Will - University of Minnesota - Class of 2024
Waiting a year to start college wasn’t what I originally wanted, but it’s a sacrifice I am willing to make to not go into debt.
Ever since I went with my brother on a college visit to University of Minnesota, I knew I wanted to go there. I have always clicked with the Twin Cities, and whenever I would visit my aunt in Minneapolis I could see myself living there in the future.
I decided to apply to U of M’s music department (I play the French horn), so I had to audition. I had taken a lesson from one of the professors auditioning me, so I felt comfortable and confident. I also met with one of the music professors, which helped me envision my future as a music major.
Good News, and Not So Good News
When I received my acceptance from Minnesota—and a generous music scholarship—I was happy, but I also knew that as an out-of-state resident, I couldn’t afford it. Like my three older brothers, I was responsible for paying for college. My family was able to help cover some of my living costs, but it was up to me to fund the rest of my education. With U of M’s out-of-state tuition more than double that of tuition for in-state residents, it was going to be a stretch even with the scholarship.
I considered two smaller colleges—Hamline University, also in Minnesota, and Augustana College in Illinois. Both had offered me financial aid, but not enough. I talked to the financial aid officers at both schools and asked if they could increase my aid package. Both schools were completely understanding and gave me more aid, but it still didn’t make the schools the best choice financially.
It’s Gopher Time
Honestly, I never seriously considered any of the schools on my list other than U of M. It is the flagship campus of the Minnesota system. I could major in almost anything and have access to phenomenal professors and internship opportunities. Besides music, I am also interested in environmental science and politics, literature, and Spanish. I knew U of M could accommodate all my interests. I had to figure out a way to make it work.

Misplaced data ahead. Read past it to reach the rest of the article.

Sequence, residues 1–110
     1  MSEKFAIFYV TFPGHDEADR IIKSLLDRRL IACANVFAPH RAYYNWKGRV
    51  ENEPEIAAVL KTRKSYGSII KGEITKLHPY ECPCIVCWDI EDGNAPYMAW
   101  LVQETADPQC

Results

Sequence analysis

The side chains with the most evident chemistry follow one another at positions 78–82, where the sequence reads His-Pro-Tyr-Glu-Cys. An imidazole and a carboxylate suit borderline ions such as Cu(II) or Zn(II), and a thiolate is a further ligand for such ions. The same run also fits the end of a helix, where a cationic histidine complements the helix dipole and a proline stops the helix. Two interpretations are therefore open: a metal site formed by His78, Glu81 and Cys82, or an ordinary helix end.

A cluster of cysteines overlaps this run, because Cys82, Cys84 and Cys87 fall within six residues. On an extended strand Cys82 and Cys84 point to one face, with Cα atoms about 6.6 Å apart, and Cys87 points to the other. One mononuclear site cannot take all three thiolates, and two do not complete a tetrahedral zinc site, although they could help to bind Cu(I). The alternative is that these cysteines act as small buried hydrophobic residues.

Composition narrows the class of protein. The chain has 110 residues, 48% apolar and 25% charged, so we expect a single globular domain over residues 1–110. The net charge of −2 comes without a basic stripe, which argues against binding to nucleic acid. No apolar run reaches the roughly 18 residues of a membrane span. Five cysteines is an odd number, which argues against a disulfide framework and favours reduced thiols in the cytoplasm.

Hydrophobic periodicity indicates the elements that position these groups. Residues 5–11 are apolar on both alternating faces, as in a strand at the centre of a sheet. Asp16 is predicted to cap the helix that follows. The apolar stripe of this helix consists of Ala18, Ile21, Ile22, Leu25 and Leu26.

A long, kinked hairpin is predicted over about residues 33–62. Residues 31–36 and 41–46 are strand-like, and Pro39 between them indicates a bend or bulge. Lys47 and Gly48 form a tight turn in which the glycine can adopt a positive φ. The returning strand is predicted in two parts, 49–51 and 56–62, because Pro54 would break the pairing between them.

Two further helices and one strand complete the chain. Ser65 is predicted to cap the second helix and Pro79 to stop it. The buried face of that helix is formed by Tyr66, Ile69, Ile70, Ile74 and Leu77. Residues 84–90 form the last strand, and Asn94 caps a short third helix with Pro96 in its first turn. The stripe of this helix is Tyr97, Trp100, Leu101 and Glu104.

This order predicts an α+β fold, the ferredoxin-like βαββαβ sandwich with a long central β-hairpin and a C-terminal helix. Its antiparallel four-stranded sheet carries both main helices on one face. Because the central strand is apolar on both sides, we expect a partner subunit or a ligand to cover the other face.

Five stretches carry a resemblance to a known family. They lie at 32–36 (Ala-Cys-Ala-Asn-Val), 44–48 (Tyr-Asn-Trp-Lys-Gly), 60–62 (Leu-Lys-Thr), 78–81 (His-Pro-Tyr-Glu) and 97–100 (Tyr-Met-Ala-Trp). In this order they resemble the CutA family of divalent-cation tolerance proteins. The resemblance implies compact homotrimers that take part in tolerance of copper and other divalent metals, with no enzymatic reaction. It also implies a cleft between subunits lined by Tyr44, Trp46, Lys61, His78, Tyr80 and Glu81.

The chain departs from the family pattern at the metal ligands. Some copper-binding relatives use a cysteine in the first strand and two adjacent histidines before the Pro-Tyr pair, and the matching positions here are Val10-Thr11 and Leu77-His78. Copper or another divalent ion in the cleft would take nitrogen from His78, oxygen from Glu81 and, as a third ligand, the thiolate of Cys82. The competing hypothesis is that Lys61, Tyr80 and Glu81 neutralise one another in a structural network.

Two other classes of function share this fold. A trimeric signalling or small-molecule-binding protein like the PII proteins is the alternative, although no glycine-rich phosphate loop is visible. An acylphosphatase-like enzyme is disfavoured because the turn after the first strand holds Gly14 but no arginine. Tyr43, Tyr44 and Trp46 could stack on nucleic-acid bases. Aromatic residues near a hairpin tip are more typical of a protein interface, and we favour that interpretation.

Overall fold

The only way I could afford U of M was to move to Minnesota and establish residency—which meant taking a year off from college. This wasn’t my first choice—until the COVID-19 epidemic hit and put some things into perspective. I didn’t want to pay outrageous costs—or go into debt-- for online learning and not get the college experience I paid for. It made more sense to delay my freshman year.
Gap Year or Community College?
I considered attending community college and transferring to U of M, but I had enough AP credits to cover most of my general education classes, so I would essentially be repeating courses I didn’t need to take. I would also have to re-apply to U of M next year as a transfer student—and meet its transfer admission requirements which included completing 24 transferrable credits.
My other option was to defer my admission at U of M and take a gap year. If I took a gap year, I would not have to reapply to U of M for admission or financial aid. I had done a research report on gap years for school and learned a gap year can be anything—some people volunteer or travel, others complete internships or learn a language, some work full-time to pay for school.
Besides living with my relatives and gaining residency, during my gap year I plan to get involved with the human rights community in Minneapolis, get a full-time job, practice my music, and live a semi-normal young-adult life (pandemic permitting). I know one thing: I will know myself better because of this gap year, and develop a sense of direction for my future.
What I learned
- Colleges have rules and requirements for gap years. U of M has a streamlined application process for students who want to defer enrollment. The university evaluated my reasons for deferring (financial reasons qualify) and would not allow me to take community college courses or attend another university during my gap year.
- My financial aid package will be re-evaluated. My financial aid package might change next year, which is a little concerning. However, the financial aid office said that my admission status and financial aid package would most likely not change.
The Money Factor
After I gain residency in Minnesota, my tuition alone will be around $15,000 per year. I received $18,000 from the University of Minnesota for four years. I applied for private scholarships online and in my community, and I received approximately $18,000. I plan to work full time during my gap year to help fund my college tuition.
- Apply for local scholarships. I was surprised at the amount of scholarships I received. All were from local institutions. Apply to as many local scholarships as you can because there is a good chance they will pay off. Take time on the essays and supplemental materials. I worked on mine over the course of a couple weeks.
- Be willing to make some sacrifices for the outcome you want. Waiting a year to start college wasn’t what I originally wanted, but I realize now that it is the perfect choice for me. It is a sacrifice I am willing to make to attend U of M and not go into debt.